Don't be a wallflower, be a social butterfly
Social media is fast becoming sewn into a successful company’s fabric and those businesses that haven’t already engaged with this internet phenomenon should be asking themselves why.
According to the 2012 Social Media Marketing Industry Report 83 percent of marketers say social media is important for their business and the majority of them are looking to increase their use of YouTube, Facebook, Twitter, blogs, Google+ and LinkedIn.
Calvyn du Toit, Digital Marketing Manager at the University of Cape Town’s Graduate School of Business, said: “Social media is to marketing what websites were at the turn of the century. Some companies were on it. Others weren’t.
“The ones who had a website benefited and those who didn’t lost out. The question today is if companies are not using social media, why aren’t they and why are they gambling with their business?”
The ever-increasing need to be connected to customers, the vast majority of which are using or have access to mobile phones, tablets and computers, is of paramount importance.
Du Toit said: “Customers are already on social media so it makes sense to be where your customers are as they will be having discussions about your brand whether you engage with them or not. It is also important to plan and have a clear strategy on how you will interact and engage with your customers.”
When it comes to creating a social media strategy there are a number of crucial points to remember to ensure it is both effective and worthwhile for the company.
“Firstly, you need to determine which social media channels would best suit your company/brand. Some might not work for you and the last thing you want is a social media channel that has been created but left stagnant with no new content or interaction,” warned du Toit.
He also advised to beware of the term “social media is free”, as while the platform itself is free, there will inevitably be costs to a company in terms of man-hours needed to maintain the various channels the company is engaged with.
“You must be aware that social media is for two-way communication, so don’t just broadcast to your follower/fans,” he said. “Think about being at a party or social gathering. Do you want to talk to the person who just stands there and speaks about themselves the whole time? Most probably not and social media is the same. You want to have a balanced conversation with your followers.”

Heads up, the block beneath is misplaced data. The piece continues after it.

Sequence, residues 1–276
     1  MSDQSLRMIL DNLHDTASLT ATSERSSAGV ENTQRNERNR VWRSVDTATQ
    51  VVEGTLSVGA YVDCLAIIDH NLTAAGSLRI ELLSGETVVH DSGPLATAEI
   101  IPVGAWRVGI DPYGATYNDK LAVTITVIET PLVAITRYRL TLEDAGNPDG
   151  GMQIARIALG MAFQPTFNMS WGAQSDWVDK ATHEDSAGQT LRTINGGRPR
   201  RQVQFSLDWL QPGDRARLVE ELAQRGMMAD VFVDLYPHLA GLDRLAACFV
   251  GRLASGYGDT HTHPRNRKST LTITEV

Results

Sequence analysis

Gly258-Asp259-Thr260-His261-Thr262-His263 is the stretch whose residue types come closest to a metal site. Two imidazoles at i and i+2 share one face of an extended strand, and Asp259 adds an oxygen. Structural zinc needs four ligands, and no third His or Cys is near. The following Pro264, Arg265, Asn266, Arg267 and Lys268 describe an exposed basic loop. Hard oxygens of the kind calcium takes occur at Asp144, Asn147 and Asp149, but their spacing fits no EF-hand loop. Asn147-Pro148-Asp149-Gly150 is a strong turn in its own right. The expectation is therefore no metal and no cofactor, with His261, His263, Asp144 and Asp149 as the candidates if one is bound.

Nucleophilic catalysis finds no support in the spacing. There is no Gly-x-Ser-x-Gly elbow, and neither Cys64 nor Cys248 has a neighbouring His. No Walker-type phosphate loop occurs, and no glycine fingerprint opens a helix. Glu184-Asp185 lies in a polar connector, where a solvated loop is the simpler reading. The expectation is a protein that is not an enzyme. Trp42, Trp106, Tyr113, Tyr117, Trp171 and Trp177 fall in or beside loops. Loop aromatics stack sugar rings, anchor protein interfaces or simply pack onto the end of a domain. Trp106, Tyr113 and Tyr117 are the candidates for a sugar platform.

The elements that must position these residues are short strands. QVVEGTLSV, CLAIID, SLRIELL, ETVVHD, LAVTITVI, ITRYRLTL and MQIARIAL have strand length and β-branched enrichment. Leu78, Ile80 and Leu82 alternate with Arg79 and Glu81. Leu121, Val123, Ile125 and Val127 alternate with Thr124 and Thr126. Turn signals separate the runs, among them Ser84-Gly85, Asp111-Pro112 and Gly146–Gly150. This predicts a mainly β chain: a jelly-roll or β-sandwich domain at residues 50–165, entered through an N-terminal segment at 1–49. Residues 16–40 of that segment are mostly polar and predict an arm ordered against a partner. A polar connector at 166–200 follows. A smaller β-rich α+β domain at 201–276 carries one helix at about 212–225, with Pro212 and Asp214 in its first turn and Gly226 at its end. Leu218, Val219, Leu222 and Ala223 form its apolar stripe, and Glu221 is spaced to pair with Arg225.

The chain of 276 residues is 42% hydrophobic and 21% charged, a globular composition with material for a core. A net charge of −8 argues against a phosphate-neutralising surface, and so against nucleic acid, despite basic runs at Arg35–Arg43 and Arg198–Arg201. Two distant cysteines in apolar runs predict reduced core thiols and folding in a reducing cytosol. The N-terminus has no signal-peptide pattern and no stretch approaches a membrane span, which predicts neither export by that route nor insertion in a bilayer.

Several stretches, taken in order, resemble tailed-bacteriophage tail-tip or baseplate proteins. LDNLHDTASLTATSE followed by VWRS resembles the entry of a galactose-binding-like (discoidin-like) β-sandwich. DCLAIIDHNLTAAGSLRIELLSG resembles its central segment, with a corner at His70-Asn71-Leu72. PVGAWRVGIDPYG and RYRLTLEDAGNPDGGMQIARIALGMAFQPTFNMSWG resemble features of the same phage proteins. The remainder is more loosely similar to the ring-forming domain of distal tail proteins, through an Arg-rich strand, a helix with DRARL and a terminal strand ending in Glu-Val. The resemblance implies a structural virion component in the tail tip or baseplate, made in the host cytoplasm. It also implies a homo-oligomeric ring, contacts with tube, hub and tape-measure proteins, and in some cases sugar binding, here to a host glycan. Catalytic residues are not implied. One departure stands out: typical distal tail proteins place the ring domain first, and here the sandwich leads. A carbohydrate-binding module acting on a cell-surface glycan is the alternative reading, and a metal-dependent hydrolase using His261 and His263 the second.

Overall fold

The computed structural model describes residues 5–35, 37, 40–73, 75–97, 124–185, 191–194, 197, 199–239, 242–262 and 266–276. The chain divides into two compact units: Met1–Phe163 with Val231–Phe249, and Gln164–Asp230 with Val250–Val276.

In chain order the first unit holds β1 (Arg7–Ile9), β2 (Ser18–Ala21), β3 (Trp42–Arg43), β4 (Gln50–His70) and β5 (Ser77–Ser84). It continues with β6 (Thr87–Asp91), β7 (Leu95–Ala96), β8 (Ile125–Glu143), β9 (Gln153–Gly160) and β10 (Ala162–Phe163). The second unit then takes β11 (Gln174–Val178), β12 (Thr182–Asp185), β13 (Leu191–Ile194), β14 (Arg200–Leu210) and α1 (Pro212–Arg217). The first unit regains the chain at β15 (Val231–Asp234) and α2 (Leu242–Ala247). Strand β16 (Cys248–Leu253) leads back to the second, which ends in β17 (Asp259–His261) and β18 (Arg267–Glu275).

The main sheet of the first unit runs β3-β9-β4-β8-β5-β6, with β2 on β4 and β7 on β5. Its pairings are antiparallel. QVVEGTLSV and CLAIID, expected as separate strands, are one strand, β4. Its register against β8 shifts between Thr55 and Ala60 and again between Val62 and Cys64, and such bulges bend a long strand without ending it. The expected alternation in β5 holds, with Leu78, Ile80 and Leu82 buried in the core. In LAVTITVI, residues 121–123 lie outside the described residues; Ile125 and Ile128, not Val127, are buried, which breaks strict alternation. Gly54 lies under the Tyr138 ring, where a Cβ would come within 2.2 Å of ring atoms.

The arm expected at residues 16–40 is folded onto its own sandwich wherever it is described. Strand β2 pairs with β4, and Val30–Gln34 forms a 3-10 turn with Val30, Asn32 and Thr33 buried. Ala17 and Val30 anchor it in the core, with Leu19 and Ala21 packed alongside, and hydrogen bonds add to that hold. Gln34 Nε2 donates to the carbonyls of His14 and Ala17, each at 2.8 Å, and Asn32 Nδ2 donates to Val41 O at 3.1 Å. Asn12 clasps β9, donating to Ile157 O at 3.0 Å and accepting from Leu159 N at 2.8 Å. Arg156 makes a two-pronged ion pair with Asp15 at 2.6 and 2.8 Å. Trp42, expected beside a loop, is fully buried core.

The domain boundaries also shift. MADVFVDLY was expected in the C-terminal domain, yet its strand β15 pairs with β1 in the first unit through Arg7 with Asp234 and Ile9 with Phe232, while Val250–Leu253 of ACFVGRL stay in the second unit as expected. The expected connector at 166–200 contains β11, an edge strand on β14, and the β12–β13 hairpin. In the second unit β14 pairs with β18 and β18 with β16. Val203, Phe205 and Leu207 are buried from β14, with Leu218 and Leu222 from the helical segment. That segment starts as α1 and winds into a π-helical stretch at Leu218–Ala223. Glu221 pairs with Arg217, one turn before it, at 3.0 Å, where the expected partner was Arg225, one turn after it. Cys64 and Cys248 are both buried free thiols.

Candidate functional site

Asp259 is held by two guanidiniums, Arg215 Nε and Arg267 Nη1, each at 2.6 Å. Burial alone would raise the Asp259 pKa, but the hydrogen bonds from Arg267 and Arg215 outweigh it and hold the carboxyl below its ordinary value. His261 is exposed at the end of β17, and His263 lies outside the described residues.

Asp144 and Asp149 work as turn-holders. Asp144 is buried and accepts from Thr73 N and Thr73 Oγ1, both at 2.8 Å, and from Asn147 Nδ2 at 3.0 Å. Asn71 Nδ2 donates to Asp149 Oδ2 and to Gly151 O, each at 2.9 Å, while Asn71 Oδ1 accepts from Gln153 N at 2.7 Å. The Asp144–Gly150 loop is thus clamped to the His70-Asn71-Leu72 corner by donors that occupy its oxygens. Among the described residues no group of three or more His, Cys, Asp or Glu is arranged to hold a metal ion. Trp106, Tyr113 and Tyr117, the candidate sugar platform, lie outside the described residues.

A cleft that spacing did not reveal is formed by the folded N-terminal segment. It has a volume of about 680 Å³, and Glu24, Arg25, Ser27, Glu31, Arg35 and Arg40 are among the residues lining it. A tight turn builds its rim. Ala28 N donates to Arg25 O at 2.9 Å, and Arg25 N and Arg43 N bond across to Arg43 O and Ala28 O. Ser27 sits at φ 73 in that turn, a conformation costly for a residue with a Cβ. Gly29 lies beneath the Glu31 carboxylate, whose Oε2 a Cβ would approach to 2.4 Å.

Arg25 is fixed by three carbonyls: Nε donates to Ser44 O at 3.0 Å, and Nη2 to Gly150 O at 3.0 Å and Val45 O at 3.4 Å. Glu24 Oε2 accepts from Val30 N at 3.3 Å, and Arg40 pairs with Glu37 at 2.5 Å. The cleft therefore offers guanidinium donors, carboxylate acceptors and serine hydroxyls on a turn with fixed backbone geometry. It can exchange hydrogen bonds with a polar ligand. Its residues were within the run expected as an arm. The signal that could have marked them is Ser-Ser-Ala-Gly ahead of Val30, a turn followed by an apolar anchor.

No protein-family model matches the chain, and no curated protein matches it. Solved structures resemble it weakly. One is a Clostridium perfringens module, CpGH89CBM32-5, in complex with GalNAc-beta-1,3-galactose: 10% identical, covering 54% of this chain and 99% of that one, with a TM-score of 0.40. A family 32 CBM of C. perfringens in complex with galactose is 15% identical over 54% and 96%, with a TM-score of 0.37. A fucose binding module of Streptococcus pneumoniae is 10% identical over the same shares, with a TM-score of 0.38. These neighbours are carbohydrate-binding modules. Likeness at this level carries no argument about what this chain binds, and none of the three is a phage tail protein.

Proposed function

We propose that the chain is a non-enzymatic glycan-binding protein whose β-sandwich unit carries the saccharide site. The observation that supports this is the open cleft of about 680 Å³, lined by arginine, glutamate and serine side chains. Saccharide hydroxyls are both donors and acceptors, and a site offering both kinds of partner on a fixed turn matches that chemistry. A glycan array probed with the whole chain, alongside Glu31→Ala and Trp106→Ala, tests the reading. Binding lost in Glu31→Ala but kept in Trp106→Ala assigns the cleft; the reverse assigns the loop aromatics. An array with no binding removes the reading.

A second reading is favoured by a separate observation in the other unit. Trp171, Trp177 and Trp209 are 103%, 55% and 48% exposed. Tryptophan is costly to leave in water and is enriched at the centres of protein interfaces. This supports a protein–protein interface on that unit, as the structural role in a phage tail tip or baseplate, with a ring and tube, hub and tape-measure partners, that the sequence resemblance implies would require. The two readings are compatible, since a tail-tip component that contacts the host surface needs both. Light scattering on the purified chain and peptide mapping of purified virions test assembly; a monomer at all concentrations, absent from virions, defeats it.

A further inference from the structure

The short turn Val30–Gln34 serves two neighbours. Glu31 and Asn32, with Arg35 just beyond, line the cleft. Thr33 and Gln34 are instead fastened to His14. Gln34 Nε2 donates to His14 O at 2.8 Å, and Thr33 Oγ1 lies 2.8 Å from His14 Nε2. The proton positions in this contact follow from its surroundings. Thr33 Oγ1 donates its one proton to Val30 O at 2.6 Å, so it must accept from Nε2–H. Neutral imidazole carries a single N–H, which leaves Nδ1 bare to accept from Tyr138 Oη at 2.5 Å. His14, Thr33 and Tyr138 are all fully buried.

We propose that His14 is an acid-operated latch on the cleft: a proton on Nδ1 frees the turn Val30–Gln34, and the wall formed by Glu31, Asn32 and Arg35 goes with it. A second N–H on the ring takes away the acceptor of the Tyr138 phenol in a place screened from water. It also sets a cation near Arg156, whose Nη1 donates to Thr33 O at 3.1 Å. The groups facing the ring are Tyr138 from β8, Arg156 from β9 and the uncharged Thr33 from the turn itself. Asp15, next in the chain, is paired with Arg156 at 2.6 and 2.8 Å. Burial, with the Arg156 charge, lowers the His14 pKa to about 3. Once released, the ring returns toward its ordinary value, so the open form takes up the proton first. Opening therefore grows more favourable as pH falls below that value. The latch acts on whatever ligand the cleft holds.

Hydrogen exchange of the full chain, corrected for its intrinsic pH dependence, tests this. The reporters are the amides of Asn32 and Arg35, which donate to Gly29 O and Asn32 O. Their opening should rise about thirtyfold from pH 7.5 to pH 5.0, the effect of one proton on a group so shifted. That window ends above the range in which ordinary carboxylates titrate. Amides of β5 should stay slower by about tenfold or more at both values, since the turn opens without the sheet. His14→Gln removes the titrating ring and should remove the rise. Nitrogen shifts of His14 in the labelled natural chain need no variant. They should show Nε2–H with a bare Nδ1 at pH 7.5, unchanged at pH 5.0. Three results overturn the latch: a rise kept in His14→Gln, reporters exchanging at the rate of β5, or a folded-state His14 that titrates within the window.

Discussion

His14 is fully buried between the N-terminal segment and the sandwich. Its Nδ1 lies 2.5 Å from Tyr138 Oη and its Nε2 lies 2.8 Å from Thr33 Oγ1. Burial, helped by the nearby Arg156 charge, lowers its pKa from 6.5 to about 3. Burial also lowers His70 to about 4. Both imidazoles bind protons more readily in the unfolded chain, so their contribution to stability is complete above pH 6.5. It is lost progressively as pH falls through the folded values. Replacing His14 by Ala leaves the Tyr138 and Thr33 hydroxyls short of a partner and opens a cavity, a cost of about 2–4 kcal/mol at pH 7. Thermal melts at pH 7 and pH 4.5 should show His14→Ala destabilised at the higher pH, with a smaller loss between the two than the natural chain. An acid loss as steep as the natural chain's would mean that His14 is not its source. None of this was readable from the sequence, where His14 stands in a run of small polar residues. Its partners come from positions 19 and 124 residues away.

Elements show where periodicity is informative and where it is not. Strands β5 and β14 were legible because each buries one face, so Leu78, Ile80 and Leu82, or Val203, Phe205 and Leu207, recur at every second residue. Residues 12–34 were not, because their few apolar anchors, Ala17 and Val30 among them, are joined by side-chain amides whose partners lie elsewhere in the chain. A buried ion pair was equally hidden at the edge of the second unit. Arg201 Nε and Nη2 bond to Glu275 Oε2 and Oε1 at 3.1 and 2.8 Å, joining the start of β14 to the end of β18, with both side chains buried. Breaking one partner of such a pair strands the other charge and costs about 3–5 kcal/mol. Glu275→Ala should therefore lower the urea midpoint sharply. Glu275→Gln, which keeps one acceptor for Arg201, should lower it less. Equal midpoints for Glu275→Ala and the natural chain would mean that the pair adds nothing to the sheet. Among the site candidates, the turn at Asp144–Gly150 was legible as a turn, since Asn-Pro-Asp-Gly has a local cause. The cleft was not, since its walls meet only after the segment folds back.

In the picture
When developing a strategy, companies need to think carefully about which social media sites they want to interact with.
For example a wedding photographer would have need for something like Flickr and might be happy to use YouTube for videos, but a film maker would ignore YouTube and is more likely to use Vimeo due to its strong connection to the industry.
Du Toit believes that in South Africa Facebook, Twitter, Linkedin and YouTube are very popular. He said: “Pinterest also has garnered a lot of followers particularly among female users. Pinterest also works well for companies that have an E-commerce element and have lots of photos to “pin”.
If your business hasn’t already devised a social media strategy here are a few top tips to get you started:
1 List goals and objectives – decide which department or departments own social media within your organisation and make your goals SMART (Specific, Measureable, Attainable, Realistic/Relevant and Timely.
2 Do your research – find out which social media sites would work best with your needs and look at what your competitors are doing. Discover what are key influencers and trends within your industry and get to know your target audience.
3 Working together – Make sure you team are all on the same page using the SMART guidelines and write down your course of action.
4 Implementation – Assign responsibility to certain tasks and use a content calendar to help keep things focused. Promote your social media networks on company emails, letterheads, invoices, business cards and other places.
5 Monitor the strategy’s performance – after a few months evaluate how successful (or not) the strategy has been. Use specific metrics to analyse click rates, shares, likes, subscribers and sales.
Social media plays on one of the core human survival instincts, which is having information and according to du Toit is here to stay.
“I think social media will be around for a long time,” he said. “I am positive that the digital element of social media is here to stay. Soon all ads will be served digitally. Billboards, bus stops, movie posters, inshore advertising etc, will all become digital at some point and with it grants a world of flexibility.”
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